Tuesday, January 5th, 2016
Teenagers. Continued. The horror! If early teens were a handful for you, head for the hills.Find higher ground. They’re too lazy and hormonal to follow you, even if they have a reason to. Leave them with some money, a pizza delivery number and get out.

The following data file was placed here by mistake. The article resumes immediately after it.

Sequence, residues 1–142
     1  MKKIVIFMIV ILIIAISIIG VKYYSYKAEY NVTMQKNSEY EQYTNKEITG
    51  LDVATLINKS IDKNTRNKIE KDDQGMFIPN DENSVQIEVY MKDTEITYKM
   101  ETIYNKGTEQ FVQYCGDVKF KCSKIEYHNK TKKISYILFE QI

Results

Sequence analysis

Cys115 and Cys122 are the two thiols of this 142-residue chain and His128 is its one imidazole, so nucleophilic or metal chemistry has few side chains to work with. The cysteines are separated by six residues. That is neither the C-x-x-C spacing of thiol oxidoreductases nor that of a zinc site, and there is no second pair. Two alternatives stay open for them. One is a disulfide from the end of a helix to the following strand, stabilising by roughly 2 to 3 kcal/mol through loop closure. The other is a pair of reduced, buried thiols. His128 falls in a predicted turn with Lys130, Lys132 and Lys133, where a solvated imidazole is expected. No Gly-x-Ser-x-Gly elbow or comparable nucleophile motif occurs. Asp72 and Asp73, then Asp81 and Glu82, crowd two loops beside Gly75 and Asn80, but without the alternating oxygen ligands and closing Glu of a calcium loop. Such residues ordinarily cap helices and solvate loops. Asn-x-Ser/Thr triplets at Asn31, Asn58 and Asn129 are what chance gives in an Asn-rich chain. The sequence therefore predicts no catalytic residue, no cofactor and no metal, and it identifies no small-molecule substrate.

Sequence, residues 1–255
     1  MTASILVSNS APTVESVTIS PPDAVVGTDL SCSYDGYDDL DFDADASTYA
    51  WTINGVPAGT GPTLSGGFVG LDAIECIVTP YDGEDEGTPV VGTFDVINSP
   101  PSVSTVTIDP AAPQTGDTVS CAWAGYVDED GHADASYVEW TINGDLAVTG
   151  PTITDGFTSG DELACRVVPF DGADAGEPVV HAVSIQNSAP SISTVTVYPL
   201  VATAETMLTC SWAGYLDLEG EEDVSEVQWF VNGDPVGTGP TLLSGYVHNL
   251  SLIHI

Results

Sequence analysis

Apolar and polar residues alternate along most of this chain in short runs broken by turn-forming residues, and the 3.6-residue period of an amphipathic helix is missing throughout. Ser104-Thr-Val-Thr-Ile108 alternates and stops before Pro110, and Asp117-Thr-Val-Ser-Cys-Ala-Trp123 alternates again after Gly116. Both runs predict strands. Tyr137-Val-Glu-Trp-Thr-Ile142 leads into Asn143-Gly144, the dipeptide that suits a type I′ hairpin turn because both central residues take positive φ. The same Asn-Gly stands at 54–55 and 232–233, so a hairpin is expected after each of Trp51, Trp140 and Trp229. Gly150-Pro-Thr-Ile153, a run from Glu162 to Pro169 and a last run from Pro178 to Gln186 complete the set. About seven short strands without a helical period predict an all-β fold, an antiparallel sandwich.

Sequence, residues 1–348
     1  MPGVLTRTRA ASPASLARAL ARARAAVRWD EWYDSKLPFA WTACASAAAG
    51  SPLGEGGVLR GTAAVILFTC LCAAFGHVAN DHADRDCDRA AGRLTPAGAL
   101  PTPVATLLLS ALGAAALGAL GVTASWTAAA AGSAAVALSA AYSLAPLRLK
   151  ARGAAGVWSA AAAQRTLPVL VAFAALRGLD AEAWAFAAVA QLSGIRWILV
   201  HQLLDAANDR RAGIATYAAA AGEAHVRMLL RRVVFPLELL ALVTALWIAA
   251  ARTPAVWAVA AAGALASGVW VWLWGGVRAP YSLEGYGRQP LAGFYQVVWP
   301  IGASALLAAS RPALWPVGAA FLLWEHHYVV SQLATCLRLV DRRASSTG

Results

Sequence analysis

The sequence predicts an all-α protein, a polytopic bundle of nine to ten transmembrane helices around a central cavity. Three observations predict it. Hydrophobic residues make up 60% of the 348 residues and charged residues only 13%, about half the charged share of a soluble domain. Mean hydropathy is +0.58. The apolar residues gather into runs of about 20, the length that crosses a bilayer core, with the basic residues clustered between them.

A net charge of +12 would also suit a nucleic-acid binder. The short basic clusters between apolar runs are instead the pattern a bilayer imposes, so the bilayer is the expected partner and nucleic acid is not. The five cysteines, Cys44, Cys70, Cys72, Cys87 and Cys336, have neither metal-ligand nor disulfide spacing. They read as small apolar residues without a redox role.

Teenagers. Continued. The horror! If early teens were a handful for you, head for the hills. Find higher ground. They’re too lazy and hormonal to follow you, even if they have a reason to. Leave them with some money, a pizza delivery number and get out. Or not. If only it were that easy and at times it may seem worth it, but you’d have to agree that running from problems – especially problems in the awkward and self-absorbed form of teenagers – is not a terribly good way to deal with life. We all know that. Does everyone apply that rationale? Obviously not. Do you? Think about it honestly. Teenagers spend their time avoiding as much responsibility as they can and live a very indulging lifestyle. Okay, some don’t. And credit to those parents, because at the end of the day, it’s always the parents’ fault. A good kid that cleans her room and does her homework? Parents’ fault. A nasty kid that deliberately loses his property and ignores his education? Parents’ fault. It’s too easy for parents to take the blame. Perhaps because they are responsible for so much of what a young child would grow up to become. Surely, by now, we can agree that this is exactly what happens with matters of finance and money. Why does a child grow up to become financially incompetent? Really, it’s because they weren’t given the necessary guidance. Now, if you’re a parent and you’ve decided to take responsibility, that’s on you. If you’re a parent that has denied responsibility, that’s on you too. What I’m trying to say, I think, is that you have the perfect opportunity to help your children mature into responsible and educated young adults that will face the harsh realities of a world seemingly dictated by economics. Your children are with you, now is the time to step up and help them become active members of communities and society as a whole as opposed to stunted individuals who painstakingly battle through all the lessons they could have learned when they were younger and at home. At the end of the day, the most important thing is communication. And as a parent of a teenager, you have your work cut out for you. Unless, you’re already Googling 5-star cruises.